White Plant Photosynthesis: How Plants That Aren't Green Photosynthesize

ghost flower
ghost flower
(Image credit: EzumeImages)

Did you ever wonder how plants that aren't green photosynthesize? Plant photosynthesis occurs when sunlight creates a chemical reaction in the leaves and stems of plants. This reaction turns carbon dioxide and water into a form of energy that can be used by living things. Chlorophyll is the green pigment in leaves that captures the sun's energy. Chlorophyll appears green to our eyes because it absorbs other colors of the visible spectrum and reflects the color green.

How Plants That Aren't Green Photosynthesize

If plants require chlorophyll to produce energy from sunlight, it's logical to wonder if photosynthesis without chlorophyll can occur. The answer is yes. Other photopigments can also utilize photosynthesis to convert the sun's energy.

Plants that have purplish-red leaves, like Japanese maples, use the photopigments that are available in their leaves for the process of plant photosynthesis. In fact, even plants that are green have these other pigments. Think about deciduous trees that lose their leaves in the winter.

When autumn arrives, the leaves of deciduous trees stop the process of plant photosynthesis and the chlorophyll breaks down. The leaves no longer appear green. The color from these other pigments become visible and we see beautiful shades of yellows, oranges and reds in the fall leaves.

There is a slight difference, however, in the way green leaves capture the sun's energy and how plants without green leaves undergo photosynthesis without chlorophyll. Green leaves absorb sunlight from both ends of the visible light spectrum. These are the violet-blue and reddish-orange light waves. The pigments in non-green leaves, like the Japanese maple, absorb different light waves. At low light levels, non-green leaves are less efficient at capturing the sun's energy, but at midday when the sun is the brightest, there is no difference.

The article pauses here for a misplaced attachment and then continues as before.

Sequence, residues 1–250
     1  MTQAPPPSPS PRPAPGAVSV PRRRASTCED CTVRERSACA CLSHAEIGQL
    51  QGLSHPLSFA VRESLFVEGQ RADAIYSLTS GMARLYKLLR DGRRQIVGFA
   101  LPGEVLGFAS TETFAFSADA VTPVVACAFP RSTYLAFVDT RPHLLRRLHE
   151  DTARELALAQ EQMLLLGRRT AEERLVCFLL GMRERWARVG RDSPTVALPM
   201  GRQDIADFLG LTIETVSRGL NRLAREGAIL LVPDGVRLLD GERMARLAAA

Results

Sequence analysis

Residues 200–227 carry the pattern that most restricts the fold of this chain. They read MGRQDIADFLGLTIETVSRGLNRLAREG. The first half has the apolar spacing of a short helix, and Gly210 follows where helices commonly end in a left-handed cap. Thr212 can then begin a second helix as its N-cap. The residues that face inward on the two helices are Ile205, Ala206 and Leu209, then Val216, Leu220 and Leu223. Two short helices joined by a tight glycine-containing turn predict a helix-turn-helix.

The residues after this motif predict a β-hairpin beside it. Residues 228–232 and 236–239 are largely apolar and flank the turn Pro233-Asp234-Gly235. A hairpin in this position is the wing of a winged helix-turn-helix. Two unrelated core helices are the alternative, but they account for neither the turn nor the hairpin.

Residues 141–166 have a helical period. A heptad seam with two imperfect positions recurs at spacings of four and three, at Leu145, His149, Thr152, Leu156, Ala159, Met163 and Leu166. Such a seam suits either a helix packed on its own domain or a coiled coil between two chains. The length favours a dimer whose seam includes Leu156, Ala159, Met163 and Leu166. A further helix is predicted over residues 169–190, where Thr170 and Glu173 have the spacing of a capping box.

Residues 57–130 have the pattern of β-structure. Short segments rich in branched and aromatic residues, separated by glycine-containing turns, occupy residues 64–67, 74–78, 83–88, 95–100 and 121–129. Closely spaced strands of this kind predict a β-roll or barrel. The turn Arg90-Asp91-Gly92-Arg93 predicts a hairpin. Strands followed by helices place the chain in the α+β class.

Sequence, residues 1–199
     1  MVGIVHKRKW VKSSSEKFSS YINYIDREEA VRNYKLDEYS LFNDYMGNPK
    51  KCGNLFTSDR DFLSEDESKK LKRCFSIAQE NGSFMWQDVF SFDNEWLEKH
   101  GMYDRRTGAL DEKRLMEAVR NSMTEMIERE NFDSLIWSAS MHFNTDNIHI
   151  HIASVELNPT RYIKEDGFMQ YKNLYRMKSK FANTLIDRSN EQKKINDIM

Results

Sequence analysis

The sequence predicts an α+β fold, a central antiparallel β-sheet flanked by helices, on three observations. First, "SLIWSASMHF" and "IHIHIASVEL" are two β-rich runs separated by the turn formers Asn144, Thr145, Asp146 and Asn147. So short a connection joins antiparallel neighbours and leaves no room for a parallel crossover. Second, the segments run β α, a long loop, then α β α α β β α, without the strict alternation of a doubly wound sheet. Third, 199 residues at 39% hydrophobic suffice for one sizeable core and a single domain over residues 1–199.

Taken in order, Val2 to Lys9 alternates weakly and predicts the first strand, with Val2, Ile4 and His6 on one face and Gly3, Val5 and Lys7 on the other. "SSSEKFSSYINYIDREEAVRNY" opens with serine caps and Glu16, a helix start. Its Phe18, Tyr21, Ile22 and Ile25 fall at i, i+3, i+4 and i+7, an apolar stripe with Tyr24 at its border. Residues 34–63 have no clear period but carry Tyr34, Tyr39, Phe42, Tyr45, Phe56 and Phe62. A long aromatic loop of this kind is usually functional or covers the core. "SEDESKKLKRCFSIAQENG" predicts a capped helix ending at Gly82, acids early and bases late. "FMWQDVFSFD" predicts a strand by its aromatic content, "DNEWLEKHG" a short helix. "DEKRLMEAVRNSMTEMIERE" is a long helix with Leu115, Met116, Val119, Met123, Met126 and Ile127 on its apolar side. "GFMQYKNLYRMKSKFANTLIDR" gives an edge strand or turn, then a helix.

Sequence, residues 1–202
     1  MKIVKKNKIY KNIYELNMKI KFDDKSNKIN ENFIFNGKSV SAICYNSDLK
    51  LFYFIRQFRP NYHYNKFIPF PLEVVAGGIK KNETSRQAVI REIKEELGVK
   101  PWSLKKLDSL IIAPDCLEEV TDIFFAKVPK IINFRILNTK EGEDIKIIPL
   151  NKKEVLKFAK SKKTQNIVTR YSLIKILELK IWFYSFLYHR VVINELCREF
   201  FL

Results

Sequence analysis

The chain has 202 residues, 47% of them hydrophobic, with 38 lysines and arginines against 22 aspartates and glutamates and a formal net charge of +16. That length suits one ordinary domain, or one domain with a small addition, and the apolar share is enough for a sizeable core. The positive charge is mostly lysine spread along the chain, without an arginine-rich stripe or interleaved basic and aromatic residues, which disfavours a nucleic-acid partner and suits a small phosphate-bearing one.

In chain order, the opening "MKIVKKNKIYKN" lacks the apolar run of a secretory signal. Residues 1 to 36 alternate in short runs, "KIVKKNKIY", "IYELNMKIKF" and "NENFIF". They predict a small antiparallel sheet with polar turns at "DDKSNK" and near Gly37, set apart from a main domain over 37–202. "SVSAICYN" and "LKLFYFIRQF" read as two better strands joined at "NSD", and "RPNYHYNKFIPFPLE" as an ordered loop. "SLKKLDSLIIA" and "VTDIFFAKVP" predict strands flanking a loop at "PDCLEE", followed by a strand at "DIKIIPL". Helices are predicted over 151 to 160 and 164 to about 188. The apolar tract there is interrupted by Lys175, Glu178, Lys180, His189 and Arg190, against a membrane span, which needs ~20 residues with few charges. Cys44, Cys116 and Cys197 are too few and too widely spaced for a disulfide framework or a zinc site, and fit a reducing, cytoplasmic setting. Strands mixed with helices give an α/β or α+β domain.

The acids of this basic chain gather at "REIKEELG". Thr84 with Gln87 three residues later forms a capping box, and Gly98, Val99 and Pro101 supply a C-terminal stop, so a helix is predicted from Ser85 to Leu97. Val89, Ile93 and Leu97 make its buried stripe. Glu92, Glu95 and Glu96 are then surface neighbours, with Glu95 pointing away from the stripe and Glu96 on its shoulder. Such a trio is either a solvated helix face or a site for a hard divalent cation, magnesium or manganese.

Can Plants Without Leaves Photosynthesize?

The answer is yes. Plants, like cacti, don't have leaves in the traditional sense. (Their spines are actually modified leaves.) But the cells in the body or “stem” of the cactus plant still contain chlorophyll. Thus, plants like cacti can absorb and convert energy from the sun through the process of photosynthesis.

Likewise, plants like mosses and liverworts also photosynthesize. Mosses and liverworts are bryophytes, or plants that have no vascular system. These plants don't have true stems, leaves or roots, but the cells that compose the modified versions of these structures still contain chlorophyll.

Can White Plants Photosynthesize?

Plants, like some types of hosta, have variegated leaves with large areas of white and green. Others, like caladium, have mostly white leaves that contain very little green color. Do the white areas on the leaves of these plants conduct photosynthesis?

It depends. In some species, the white areas of these leaves have insignificant amounts of chlorophyll. These plants have adaptation strategies, such as large leaves, that allow the green areas of the leaves to produce sufficient amounts of energy to support the plant.

In other species, the white area of the leaves actually contains chlorophyll. These plants have changed the cell structure in their leaves so they appear to be white. In reality, the leaves of these plants contain chlorophyll and use the process of photosynthesis to produce energy.

Not all white plants do this. The ghost plant (Monotropa uniflora), for example, is an herbaceous perennial that contains no chlorophyll. Instead of producing its own energy from the sun, it steals energy from other plants much like a parasitic worm robs nutrients and energy from our pets.

In retrospect, plant photosynthesis is necessary for plant growth as well as the production of the food we eat. Without this essential chemical process, our life on earth wouldn't exist.

Laura Miller

Laura Miller has been gardening all her life. Holding a degree in Biology, Nutrition, and Agriculture, Laura's area of expertise is vegetables, herbs, and all things edible. She lives in Ohio.